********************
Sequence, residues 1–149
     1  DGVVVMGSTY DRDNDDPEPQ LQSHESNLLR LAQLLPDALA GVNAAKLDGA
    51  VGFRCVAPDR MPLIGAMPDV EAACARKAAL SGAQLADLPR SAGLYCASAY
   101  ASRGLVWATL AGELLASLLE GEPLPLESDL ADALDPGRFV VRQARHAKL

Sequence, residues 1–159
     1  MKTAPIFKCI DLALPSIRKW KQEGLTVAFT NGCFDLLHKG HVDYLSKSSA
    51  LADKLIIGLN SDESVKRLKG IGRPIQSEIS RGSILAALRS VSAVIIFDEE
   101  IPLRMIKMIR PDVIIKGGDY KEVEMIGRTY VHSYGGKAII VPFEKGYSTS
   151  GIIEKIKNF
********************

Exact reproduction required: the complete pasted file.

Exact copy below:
Sequence, residues 1–149
     1  DGVVVMGSTY DRDNDDPEPQ LQSHESNLLR LAQLLPDALA GVNAAKLDGA
    51  VGFRCVAPDR MPLIGAMPDV EAACARKAAL SGAQLADLPR SAGLYCASAY
   101  ASRGLVWATL AGELLASLLE GEPLPLESDL ADALDPGRFV VRQARHAKL

Sequence, residues 1–159
     1  MKTAPIFKCI DLALPSIRKW KQEGLTVAFT NGCFDLLHKG HVDYLSKSSA
    51  LADKLIIGLN SDESVKRLKG IGRPIQSEIS RGSILAALRS VSAVIIFDEE
   101  IPLRMIKMIR PDVIIKGGDY KEVEMIGRTY VHSYGGKAII VPFEKGYSTS
   151  GIIEKIKNF